10 million Luthers

10 million Luthers

: Jay Rosen — who’s never half-baked but who’s always eager for conversation — took his sweet time to formulate his responses to Deep Throat’s unveiling and to the announcement of a big-money effort to fix journalism education and he put them together in a post that examines the religion journalism has become and the conclave of cardinals that the Carnegie-Knight initiative is.

The commonly accepted tenets and practices of our religion are due for questioning and one would hope that journalists — so proud of being skeptics — would be the questioners and that journalism schools — where academics are so proud of questioning — would be the place for this to occur. But, of course, journalism and journalism education are institutions that attempt to preserve their religion. So Jay’s response to the big load of cash that landed in the collection plate last week is this:

Maybe what we need is not funding for a new church, but a breakaway church, or two, or three of them. (And what is Fox News Channel, but that?)

And what are bloggers but 10 million Luthers pounding on the door?

This is not to say that I reject the instititutions of journalism and I don’t think Jay rejects the institutions of journalism education or we wouldn’t both be men of the paper. But we do believe that the breakaways, the challengers, the heretics are good for these institutions, which should be questioning their ways to find betters ones.

Among the religious tenets that should be questioned, in Jay’s post: Did Woodward and Bernstein and Bradlee bring down the emperor Nixon… or — to make a bad metaphor unbearable — did Mark Felt as Brutus bring down this Caesar, did agencies of government do the job more than institutions of journalism? And are we really so skeptical, we reporters, are do we too often report what the powerful want us to report? Is it right and necessary that journalists pay their dues working their way up the institutional ladder when others are walking around that ladder to do the same work? Are the products of journalism’s two holy sacraments — investigative reporting and good, old-fashioned shoe-leather reporting — what the public really wants or what journalists want?

Watergate has been treated by journalists as a consensus narrative, with an agreed-upon lesson for all Americans. The Fourth Estate model not only works, it can save us. The press shall know the truth and the truth shall check the powers that be, whether Democrat or Republican. Chasing stories, exposing corruption, giving voice to the downtrodden: that’s what we in journalism do, the myth says. We do it for the American people.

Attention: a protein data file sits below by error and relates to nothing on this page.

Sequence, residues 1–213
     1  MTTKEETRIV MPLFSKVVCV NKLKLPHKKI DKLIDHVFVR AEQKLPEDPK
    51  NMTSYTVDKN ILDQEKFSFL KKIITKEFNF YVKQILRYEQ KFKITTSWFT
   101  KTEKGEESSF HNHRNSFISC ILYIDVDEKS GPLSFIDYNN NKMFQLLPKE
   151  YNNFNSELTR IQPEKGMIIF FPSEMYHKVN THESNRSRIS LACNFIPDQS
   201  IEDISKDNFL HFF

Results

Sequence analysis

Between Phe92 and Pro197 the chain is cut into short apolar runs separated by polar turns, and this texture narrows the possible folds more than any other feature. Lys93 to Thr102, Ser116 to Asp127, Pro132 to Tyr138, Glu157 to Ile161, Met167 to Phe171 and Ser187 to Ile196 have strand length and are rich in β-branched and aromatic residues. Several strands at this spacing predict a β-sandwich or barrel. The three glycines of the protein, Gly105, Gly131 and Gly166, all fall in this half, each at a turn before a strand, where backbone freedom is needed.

That’s what we want to believe in journalism, but is it true?

: MORE: Laura Washington writes in the Sun-Times that journalism’s mirror is cracked:

When the journalism profession looks in the mirror, it doesn’t like what it sees.

It sees a public turned off by the news — news of a never-ending succession of our journalistic crimes from plagiarism to fabrication; squabbles over anonymous sources; half-hearted mea culpas, and just-plain-old screw-ups. It sees a profession in crisis….

When readers and viewers look into the mirror that is our media, they don’t see themselves. A recent report by Columbia’s own Project for Excellence in Journalism found that in the last 17 years, Americans have “come to see the press as less professional, less moral, more inaccurate, and less caring about the interests of the country.” Surveys taken between 1985 and 2002 reveal the proportion of Americans who view news organizations as “highly professional” declined from 72 percent to 49 percent. Those who considered news organizations “moral” fell from 54 percent to 39 percent. And news consumers who “thought the press got the facts straight” fell from 55 percent to 35 percent.

Joe Six-Pack doesn’t read the newspaper over his morning eggs and coffee anymore. The couch potatoes are furiously clicking off the nightly news. Readers and viewers see the media as an elitist bunch that neither live nor reflect their reality. The news honchos who have the most sway over writing and producing the news are mostly white men over 50….

Whoa about there. I was fine until she turned this into a quota thing… and that’s not just because I am a white man over 50 (not that there’s anything wrong with that, right?). She falls into newsroom-think: that diversity is about the colors of the people you see inside the newsroom. No, diversity is about the voices and views outside and whether they are heard. They are beginning to be heard online, because they can be, so why do they need to go inside the newsroom? No, it’s up to the newsroom to listen to what is happening outside its walls. [Thanks to Paladin in the comments for the link!]